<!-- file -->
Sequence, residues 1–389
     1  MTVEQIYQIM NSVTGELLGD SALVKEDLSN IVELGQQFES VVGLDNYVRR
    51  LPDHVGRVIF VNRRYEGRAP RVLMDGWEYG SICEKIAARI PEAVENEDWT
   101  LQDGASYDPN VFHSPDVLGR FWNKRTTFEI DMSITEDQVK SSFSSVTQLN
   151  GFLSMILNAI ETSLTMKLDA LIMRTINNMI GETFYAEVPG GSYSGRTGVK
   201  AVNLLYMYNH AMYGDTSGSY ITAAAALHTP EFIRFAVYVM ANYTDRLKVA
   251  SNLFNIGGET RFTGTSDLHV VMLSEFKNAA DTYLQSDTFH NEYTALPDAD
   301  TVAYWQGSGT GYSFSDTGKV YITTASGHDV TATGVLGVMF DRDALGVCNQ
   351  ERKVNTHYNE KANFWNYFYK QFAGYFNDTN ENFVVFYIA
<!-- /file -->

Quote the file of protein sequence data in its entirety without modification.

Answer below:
Sequence, residues 1–389
     1  MTVEQIYQIM NSVTGELLGD SALVKEDLSN IVELGQQFES VVGLDNYVRR
    51  LPDHVGRVIF VNRRYEGRAP RVLMDGWEYG SICEKIAARI PEAVENEDWT
   101  LQDGASYDPN VFHSPDVLGR FWNKRTTFEI DMSITEDQVK SSFSSVTQLN
   151  GFLSMILNAI ETSLTMKLDA LIMRTINNMI GETFYAEVPG GSYSGRTGVK
   201  AVNLLYMYNH AMYGDTSGSY ITAAAALHTP EFIRFAVYVM ANYTDRLKVA
   251  SNLFNIGGET RFTGTSDLHV VMLSEFKNAA DTYLQSDTFH NEYTALPDAD
   301  TVAYWQGSGT GYSFSDTGKV YITTASGHDV TATGVLGVMF DRDALGVCNQ
   351  ERKVNTHYNE KANFWNYFYK QFAGYFNDTN ENFVVFYIA